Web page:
This jet has already and will continue to weaken our arsenal. It is outclassed by Russian and Chinese jets and has missed its mark continually and in no way will it be able to replace the F-16 or the A-10. One trillion dollars for an outdated computer system and a non stealth design that fly’s incredibly hot..Another job well done Washington.

      • Kyle Kubs :

        That’s cause half of the vital parts are defective crap, Made In CHINA.

  10. BUT – our voices will never be heard! If the Air Force wants them there they will have them there. Shouting from the roof tops at politicians who no longer have any ears to hear the people, only hearing what the war machine wants. Vermonters do not want wars, take the war machine to Washington -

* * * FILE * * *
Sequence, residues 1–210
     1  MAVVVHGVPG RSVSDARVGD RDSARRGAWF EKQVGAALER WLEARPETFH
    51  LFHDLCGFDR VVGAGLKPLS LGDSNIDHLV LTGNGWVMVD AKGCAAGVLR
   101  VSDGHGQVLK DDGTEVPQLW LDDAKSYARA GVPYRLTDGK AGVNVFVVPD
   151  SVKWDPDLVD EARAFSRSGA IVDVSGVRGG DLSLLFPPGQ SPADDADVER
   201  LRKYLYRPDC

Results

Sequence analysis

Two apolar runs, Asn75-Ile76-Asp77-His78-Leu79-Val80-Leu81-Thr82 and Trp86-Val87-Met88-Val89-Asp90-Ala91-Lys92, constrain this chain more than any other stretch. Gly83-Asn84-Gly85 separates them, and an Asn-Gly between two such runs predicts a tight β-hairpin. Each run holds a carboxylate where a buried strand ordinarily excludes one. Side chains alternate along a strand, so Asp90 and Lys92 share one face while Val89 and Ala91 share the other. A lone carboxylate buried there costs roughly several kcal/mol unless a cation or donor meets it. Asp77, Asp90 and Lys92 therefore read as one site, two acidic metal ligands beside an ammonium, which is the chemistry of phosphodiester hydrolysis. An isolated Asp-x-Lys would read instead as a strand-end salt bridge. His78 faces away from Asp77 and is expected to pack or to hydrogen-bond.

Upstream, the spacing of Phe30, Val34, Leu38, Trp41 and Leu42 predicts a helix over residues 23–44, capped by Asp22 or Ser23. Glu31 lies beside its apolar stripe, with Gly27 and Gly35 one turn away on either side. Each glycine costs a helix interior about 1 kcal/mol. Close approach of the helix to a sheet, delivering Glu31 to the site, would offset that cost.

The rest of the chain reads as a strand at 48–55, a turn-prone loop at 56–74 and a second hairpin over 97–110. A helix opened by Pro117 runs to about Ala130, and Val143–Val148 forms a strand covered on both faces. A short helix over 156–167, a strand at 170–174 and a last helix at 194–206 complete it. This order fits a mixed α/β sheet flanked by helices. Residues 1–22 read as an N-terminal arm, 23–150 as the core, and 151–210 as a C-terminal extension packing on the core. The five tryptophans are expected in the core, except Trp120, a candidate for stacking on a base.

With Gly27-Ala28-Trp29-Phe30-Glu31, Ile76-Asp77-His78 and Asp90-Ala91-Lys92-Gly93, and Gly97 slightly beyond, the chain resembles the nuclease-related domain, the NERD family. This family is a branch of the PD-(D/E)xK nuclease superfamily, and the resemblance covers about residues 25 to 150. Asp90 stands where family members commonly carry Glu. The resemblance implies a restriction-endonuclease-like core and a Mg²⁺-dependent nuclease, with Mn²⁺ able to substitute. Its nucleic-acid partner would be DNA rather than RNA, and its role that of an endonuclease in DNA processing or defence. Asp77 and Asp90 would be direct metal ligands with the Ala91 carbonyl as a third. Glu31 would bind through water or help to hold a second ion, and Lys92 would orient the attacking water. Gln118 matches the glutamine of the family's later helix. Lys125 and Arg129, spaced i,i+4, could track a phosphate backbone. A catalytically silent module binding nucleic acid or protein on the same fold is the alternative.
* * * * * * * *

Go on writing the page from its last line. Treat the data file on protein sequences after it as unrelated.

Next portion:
11. Michael Colby :

    What really needs to be “mitigated” is the $163 billion that the F-35 program is over budget. The $400 billion being spent on these planes could go a long way in addressing this nation’s real problems.

    Consider this, for example: The projected General Fund budget for the entire State of Vermont in FY2015 is $1.44 billion. Thus, the money being spent on the F-35 program could fund Vermont at our current level for the next 278 years.

    Thanks Bernie, Pat and Peter.

    • Paul Lorenzini :

      THANKS BERNIE PAT AND PETER FOR MAKING EARNERS PAY 1200% THE USA AVERAGE COST OF WATER!!!!!!!!!!!!!!!!!!!!!!!!!!!!!!!1

  12. Jim Barrett :

    My suggestion to the Air Guard is to get off the bandwagon of phony issues raised by activists and get the job done. You will neverr appease anyone as they created this problem not you.

  13. Paul Lorenzini :

    make em solar powered, and put Mr. Gore in the pilot seat against a zero.

    that would be fair.